They are from the ancient Promised Land of Israel (the northern part) and Judah (the southern part). Jerusalem (and the Temple) are in the southern part. Thus, the southern part is regarded as legitimate and faithful. The North, not so much, if at all.

About 800 years (722 or 721 B.C.), the ancestry and heritage of the Samaritans is disrupted. They are captured and taken off into exile by Assyria.

Eventually, they return and settle in “Israel”, i.e., in the North. The Samaritans adopt the Jewish Torah (Genesis, Exodus, Leviticus, Numbers, and Deuteronomy). However, they are geographically and spiritually distant from the Temple. They do not follow the Temple rituals.

Thus, the Jewish people (including the Pharisees, the scribes, and Temple priests and Christ’s own disciples) would have been taught to regard them as inferior and unfaithful. ***___

[__07] But, it is this inferior one who wants to continue the relationship with Christ.

Jesus is saying, look, has no one else but this “foreigner” returned to give thanks. Has no one else but this one that we regard as not religious, not faithful, not very honest, not very virtuous … has only he returned?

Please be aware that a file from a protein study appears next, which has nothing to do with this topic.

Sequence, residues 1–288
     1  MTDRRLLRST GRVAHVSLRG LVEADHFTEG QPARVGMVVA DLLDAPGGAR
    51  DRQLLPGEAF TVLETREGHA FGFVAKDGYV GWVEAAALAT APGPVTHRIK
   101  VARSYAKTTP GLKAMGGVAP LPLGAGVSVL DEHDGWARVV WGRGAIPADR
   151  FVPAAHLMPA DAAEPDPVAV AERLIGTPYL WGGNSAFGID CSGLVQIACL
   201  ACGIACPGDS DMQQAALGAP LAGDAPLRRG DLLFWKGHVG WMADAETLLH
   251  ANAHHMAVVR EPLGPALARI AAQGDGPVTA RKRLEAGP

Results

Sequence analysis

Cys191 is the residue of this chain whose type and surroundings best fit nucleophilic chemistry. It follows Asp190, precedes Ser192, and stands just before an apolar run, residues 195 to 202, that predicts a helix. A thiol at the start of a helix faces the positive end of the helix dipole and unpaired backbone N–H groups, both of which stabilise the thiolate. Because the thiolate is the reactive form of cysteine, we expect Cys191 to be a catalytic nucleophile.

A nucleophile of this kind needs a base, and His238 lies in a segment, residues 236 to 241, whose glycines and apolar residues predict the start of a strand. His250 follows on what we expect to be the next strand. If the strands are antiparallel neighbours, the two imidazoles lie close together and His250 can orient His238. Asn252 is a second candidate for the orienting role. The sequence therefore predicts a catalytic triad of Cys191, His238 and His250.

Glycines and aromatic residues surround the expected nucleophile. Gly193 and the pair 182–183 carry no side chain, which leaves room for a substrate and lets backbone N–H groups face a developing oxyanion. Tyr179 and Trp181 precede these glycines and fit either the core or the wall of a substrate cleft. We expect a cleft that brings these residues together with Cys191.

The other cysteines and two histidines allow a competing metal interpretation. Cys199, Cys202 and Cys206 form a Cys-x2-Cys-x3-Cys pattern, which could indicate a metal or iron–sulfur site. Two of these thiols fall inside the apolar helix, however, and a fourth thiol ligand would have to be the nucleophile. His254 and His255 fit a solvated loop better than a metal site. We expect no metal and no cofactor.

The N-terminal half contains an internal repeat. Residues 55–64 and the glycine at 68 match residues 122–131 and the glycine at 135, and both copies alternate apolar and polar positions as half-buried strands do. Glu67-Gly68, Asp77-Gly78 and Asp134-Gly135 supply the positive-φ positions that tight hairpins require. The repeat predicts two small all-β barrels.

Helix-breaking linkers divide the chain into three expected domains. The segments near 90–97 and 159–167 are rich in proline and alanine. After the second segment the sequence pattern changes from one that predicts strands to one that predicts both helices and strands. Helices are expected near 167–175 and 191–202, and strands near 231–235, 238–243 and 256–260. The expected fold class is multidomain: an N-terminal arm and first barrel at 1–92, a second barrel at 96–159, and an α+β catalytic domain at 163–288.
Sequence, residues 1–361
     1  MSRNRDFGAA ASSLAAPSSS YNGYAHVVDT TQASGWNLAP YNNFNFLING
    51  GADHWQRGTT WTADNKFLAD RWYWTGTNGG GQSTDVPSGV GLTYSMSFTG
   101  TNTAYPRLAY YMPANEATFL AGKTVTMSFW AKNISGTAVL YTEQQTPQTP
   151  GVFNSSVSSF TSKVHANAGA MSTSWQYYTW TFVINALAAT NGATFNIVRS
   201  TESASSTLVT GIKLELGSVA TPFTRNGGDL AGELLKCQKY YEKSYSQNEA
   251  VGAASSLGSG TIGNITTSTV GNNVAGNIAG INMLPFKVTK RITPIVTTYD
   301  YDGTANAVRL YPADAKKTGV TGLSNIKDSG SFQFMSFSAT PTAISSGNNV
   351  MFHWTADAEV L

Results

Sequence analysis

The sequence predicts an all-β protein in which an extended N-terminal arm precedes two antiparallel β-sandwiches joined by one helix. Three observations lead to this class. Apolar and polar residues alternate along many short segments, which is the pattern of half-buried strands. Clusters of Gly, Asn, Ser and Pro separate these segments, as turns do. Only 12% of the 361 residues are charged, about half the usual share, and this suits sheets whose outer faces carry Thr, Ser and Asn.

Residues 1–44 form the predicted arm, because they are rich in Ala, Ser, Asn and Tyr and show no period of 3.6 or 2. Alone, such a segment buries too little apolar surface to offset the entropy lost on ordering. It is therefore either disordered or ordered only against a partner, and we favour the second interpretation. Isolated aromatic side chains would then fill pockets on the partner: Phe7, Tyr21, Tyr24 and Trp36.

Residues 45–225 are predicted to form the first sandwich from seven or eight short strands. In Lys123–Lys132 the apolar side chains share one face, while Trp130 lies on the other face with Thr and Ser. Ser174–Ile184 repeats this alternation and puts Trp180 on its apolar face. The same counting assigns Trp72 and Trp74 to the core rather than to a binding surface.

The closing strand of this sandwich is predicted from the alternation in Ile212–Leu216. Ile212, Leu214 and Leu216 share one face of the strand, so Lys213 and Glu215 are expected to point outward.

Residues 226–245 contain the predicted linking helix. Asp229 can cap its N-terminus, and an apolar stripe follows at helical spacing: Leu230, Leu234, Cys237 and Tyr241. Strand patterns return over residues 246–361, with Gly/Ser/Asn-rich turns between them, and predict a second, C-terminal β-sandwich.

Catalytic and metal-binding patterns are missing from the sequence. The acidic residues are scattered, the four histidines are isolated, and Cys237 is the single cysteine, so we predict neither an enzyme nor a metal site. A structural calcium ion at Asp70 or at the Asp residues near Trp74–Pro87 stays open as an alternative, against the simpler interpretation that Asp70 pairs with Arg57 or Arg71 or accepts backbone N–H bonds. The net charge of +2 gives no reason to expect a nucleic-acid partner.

Does only he believe? Apparently so.

Then, the question, where are the other nine? Where am I? Where are you?

[__08] Where is my thank-you? Is it something I have yet to write, a phone call I have yet to make?

And, is my thank you something that is given simply to complete a transaction …or because I want to continue a relationship?

Our prayer, our attendance at Sunday Mass is also an act of saying thank you, of praying our thank you to God.

To say thank you for our education, even for the homework we don’t want, to say thank you for our parents, our teachers, our classmates.

Saying thank you does not mean everything is perfect. Saying thank you does not mean you have to lie or say something dishonest or exaggerated.

But, don’t we say thank you – don’t we think it is proper to say thank you even if the gift we have received is something…

• We did not want
• Was in poor taste
• I already have one…
• I’d rather a different color

Even then, aren’t we willing to say thank you, because of the relationship, the friendship. Yes, it is the thought that counts.

[__09] Thank you is not an endpoint but a point of continuity.

Toward the end of Sunday Mass, we receive Holy Eucharist. And, the word “Eucharist” means “to show favor, to show grace, to show gratitude.”